Pioneers in Sustainable Food Show We Can Eat Well and Protect Environment
Today NRDC announced the winners of the 2013 Growing Green Awards. These awards celebrate the farmers, business owners, and bold thinkers who are transforming America’s food system. Each one of them has pioneered ways to provide food that nourishes our families and restores our environment at the same time.
This is the fifth year NRDC has hosted the Growing Green Awards, and every year we draw from a larger pool of organic farmers, environmental stewards, and social justice leaders. The sustainable food sector is growing rapidly and spreading across the country, because more and more Americans are demanding better options.
We are witnessing a dramatic shift in what people want from food.
They want food that doesn’t contribute to water pollution and climate change. They want food that doesn’t lead to health problems like diabetes and cancer. And they want food that keeps local economies vibrant and farmers on their land.
I find this transformation very hopeful. People are starting to realize that if we change the way we eat, we can change the way the food system works. We can grow food that is good for our health, good for our communities, and good for the planet.
The winners of the Growing Green Awards are showing us how.
This year’s Food Producer Award goes to Russ Kremer. Known as the “Pope of Pork,” Kremer is a fifth-generation pork farmer from Frankenstein, Missouri. Two decades ago, he contracted an antibiotic-resistant infection from his pigs that almost killed him. The near-death experience inspired him to stop putting antibiotics in his animal feed and to embrace a host of other sustainable practices to profitably raise healthy pigs. Now he runs a hugely successful livestock operation and leads a pork cooperative with more than 50 members that encourages other producers to raise livestock without antibiotics.
Brianna Almaguer Sandoval, who won our Young Food Leader Award, noticed how hard it was to find fresh, healthy food in Philadelphia’s urban communities. Instead of sending people far afield in search of fruits and vegetables, she decided to bring good food to the place people already go: the local corner store. She helped launch the Food Trust’s Healthy Corner Store Initiative to offer store owners the education, tools, and financial support they need to stock fresh produce. Under her leadership, the program has grown from 11 stores to more than 680 stores in Pennsylvania and New Jersey.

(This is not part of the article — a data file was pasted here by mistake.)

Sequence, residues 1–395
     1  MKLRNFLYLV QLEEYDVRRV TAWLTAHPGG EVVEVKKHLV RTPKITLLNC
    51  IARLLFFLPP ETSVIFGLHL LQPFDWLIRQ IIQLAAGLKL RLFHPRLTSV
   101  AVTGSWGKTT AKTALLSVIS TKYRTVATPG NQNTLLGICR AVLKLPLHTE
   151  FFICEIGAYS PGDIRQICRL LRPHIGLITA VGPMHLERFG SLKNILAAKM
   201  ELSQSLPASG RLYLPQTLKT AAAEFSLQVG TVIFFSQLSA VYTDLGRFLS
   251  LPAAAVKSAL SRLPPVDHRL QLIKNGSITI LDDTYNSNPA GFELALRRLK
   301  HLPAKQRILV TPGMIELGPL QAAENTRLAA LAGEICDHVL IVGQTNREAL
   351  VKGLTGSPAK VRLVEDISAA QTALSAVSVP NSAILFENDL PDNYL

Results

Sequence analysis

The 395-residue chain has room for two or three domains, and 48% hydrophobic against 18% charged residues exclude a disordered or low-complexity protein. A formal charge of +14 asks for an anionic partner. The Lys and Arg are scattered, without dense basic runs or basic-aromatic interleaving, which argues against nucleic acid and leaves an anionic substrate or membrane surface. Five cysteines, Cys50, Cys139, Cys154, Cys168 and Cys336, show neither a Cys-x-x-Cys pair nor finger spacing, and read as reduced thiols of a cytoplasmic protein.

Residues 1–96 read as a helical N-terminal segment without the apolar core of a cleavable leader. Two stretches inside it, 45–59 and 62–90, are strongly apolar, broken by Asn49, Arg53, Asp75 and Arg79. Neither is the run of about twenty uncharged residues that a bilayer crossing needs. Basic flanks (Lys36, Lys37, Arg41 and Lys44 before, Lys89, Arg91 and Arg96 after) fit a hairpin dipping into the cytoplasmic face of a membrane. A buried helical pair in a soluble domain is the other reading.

When the city of Los Angeles threatened to bulldoze the nation’s largest community food garden in 2003, the winner of the Food Justice Award Tezozomoc rose in defense of his community. He rallied 350 Latino farmers who fed their families from the South Central Garden, engaging in one of America’s most important battles for urban agriculture land use. Tezo believes firmly in the power of urban farming to provide healthy food and economic opportunity right in people’s backyards. He now leads an organic cooperative for Latino and other minority growers who supply fresh produce to Los Angeles food programs, farmers markets, and underserved neighborhoods.
Larry Jacobs, who won our Business Leader Award, is committed to protecting farm workers and consumers from dangerous pesticides. After he was accidentally poisoned by agricultural pesticides in his early twenties, Jacobs decided to grow crops without toxic chemicals. The farm he founded in Pescadero, California is now the nation’s largest producers of fresh organic herbs. And the Del Cabo Cooperative he and his wife Sandra helped launch in Baja, Mexico enables 1,000 family farmers to grow healthy, organic food and create a sustainable local economy.
From pesticide-free produce to antibiotic-free meat, from corner stores to urban farms, all the Growing Green Award winners have found creative ways to bring sustainable food to more people. They remind us that food we eat every day can be a powerful tool for preserving our communities and protecting our environment.